August in Marquette, does it get any better? I’ve won this race 3 years in a row in 06, 07, and 08, so I knew I was going to be a marked man. As I was going through the list of pre-registered riders, I pulled out about 10 names I thought had a shot at the win. It was going to be a tough race. I decided to go with the hard tail Superfly set up rigid. It was 17.5 lbs of solid. Mitch and I arrived on Thursday afternoon just in time to pre-ride the first 30 miles of the course. There were a couple surprises and I was glad I got a chance to preview them. Friday I was able to ride the last 18 miles with Jason Lummis and I was ready.
Start: The start was a bit fast and hectic. I found myself buried about 100 deep going into the railroad bed. I found a little line on the grass and quickly throttled myself to the front before we hit the Loge hill. I had a little chain issue at the base of the climb and I lost about 10 spots. It turned out to not be that big of deal although the chain problem hit me a couple times later in the race.

Sand Sector: I went to the front most of the way through the sandy two track. I didn’t want to get into trouble if someone stacked it up in a corner. Better safe than sorry.

Water Crossings: As we navigated through the two track, we rolled up onto the creek crossing. Normally this is no big deal, but this year it was deep, like swallow your whole bike deep. I knew the pallet bridge was to the right and made sure I was the first one to cross. I think we dropped a couple riders off the back there. Shortly after we hit a series of long deep mud puddles. DG drove it hard through the hub deep water, but all 8 of us made it through.

Power line Sector 1: Nathan Guerra was the first into the steep rocky pitch with me right on his heels. He and I drove the pace at the front. I was breathing hard to keep up. I knew there was a tricky little pitch in the middle, so I made sure I was the first to get to it. The line to the left was solid and I cleaned it without bobbling. We pushed on, and a group of 8 of us emerged. Me, Schouten, Matter, Lalonde, Guerra, Tanguy, TJ, and Graham.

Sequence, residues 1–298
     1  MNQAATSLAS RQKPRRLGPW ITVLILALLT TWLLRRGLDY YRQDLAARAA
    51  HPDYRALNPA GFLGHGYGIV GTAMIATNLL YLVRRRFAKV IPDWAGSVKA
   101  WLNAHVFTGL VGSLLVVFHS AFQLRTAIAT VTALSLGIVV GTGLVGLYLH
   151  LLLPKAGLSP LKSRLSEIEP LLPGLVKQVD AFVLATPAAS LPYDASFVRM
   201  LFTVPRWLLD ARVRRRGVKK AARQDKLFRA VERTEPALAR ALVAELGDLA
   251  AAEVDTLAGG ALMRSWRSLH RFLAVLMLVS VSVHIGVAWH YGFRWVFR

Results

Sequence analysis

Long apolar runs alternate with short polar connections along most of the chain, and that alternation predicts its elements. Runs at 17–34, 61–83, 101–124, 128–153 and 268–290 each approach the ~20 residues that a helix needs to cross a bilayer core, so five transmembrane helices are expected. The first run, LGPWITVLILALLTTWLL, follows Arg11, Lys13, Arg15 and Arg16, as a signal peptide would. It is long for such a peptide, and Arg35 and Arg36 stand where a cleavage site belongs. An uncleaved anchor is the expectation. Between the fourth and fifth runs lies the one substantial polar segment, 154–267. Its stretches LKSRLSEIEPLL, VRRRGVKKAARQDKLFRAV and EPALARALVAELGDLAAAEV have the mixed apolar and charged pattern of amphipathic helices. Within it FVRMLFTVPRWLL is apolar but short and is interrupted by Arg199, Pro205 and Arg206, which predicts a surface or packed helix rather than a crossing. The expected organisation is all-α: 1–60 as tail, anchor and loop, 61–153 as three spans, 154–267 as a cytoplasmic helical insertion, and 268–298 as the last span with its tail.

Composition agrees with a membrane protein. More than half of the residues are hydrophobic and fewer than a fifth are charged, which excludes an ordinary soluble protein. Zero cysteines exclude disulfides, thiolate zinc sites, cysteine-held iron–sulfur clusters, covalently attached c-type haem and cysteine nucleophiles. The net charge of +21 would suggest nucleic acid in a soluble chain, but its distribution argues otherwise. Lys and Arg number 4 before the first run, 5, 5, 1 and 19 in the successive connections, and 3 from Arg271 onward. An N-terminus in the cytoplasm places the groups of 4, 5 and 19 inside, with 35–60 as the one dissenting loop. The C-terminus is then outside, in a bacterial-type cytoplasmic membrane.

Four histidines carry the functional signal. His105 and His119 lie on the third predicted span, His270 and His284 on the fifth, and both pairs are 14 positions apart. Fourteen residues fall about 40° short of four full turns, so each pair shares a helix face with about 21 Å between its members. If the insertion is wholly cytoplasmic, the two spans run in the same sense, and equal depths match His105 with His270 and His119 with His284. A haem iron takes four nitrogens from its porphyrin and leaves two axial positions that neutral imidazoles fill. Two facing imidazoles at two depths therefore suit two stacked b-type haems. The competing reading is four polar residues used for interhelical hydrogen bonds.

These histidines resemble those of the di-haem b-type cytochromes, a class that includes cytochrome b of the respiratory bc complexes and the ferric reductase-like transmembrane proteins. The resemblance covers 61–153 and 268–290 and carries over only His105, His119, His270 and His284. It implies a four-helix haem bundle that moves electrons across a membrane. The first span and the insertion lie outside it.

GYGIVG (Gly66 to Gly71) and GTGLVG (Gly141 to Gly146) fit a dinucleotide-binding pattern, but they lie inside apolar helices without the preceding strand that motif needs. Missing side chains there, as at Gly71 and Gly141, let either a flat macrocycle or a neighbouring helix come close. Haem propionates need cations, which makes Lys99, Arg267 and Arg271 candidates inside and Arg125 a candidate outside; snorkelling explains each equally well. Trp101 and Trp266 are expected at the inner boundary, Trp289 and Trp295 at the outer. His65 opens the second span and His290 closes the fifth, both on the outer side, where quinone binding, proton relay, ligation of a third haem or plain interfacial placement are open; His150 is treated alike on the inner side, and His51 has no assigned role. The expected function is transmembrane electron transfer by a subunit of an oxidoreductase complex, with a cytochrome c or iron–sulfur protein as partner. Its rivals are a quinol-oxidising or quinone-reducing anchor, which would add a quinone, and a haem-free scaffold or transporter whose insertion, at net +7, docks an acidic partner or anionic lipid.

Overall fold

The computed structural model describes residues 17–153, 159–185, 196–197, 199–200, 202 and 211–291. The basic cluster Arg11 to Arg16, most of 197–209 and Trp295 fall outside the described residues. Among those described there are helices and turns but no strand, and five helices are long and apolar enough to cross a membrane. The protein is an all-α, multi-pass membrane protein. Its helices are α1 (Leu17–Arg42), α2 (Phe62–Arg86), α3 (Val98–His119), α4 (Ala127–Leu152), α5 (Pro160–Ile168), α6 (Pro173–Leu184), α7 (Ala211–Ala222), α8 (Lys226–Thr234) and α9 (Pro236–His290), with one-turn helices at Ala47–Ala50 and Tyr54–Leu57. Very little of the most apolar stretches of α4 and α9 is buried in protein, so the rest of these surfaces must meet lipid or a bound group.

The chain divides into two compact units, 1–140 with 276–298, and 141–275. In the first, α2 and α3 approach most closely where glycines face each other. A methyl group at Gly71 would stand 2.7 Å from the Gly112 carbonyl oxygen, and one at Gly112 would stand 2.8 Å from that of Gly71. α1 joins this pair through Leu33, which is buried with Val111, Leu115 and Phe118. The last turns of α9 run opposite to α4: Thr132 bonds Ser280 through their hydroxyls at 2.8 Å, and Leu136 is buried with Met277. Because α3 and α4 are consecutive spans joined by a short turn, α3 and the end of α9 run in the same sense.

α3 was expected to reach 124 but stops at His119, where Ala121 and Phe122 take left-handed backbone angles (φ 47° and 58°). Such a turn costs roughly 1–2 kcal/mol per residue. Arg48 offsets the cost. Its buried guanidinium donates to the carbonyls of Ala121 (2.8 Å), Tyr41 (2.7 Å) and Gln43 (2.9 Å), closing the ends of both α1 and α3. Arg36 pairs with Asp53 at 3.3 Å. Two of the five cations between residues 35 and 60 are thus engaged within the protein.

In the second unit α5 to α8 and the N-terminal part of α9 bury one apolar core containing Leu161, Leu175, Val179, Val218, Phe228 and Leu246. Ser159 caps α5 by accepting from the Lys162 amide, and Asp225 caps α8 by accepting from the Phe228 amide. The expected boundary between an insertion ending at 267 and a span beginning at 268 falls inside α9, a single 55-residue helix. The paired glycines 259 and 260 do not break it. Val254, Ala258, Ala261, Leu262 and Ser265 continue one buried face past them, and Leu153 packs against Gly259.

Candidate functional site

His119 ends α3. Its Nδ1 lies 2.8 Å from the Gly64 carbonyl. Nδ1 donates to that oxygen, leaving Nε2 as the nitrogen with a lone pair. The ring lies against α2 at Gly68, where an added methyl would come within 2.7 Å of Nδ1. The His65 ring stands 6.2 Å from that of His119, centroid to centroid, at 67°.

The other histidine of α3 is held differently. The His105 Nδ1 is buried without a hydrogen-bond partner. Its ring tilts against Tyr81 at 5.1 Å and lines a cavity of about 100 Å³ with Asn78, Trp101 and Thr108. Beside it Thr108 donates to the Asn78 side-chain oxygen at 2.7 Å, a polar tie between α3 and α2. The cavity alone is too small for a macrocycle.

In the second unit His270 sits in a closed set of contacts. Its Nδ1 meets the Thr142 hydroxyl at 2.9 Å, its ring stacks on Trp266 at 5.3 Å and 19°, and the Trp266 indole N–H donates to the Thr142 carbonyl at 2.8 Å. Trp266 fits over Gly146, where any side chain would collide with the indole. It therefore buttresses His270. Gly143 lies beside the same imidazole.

Power line Sector 2: Things calmed down for a minute before we hit the next decisive section of the course. Nathan drove the pace up the sandy pitches and continued to push it through the lumpy mud holes, but we all stayed together.

Power line Sector 3: This includes Misery Hill, a tough loose rocky run up. I made sure to be the first to get to the base. Nathan flew around me and actually rode up a short portion at the bottom before realizing he would have to hike. Tristan Schouten quickly put his cross skills to work and had me gasping to keep pace with him. As we crested the top, we re-mounted and I put in a little attack of my own. We gapped Tanguy and Graham, and I wanted to keep the pressure on. It was all for not though as they eventually bridged back up.

Road Sector: I wasn’t sure how to handle this section. Someone has to work, but it’s beneficial to just sit on. If you’re not careful, people who mechanical’d or were dropped on Misery Hill, can bridge back up. It’s downhill to the finish and each person that latches back on will have to be dealt with in a finish line showdown. I tried a little attack, but it was quickly countered. It was more of an effort to just try and lift the pace. Tanguy took over after we crossed the bridge and did a nice job of keeping the pace up over hilly rollers.

Run into the finish: Once we get back onto the trail, it’s all downhill to the finish. I tried a little attack heading into the trail and I pushed the pace hoping someone would make a mistake. No dice, everyone was solid. Things sort of calmed down for a while once the trail leveled out and we just ran tempo. With about 10 miles to go, we hit a series of downhill pitches. I led the pace down each one and just kept hoping I could get a gap. Finally with about 8 miles to go, I snuck off the front and opened up a scant 5 second gap. I laid it on the line and went like gang busters, but I could see the group not far back. I ripped down the big sandy hill and crested Wood Chip Hill holding onto my gap. I thought I had it! My whole body was struggling. I was going flat out with everything I had, but it wasn’t enough. Just as we went under the bridge in the closing miles, they caught me. One more quick attack from TJ to shuffle the bunch, and it was going to come down to a sprint.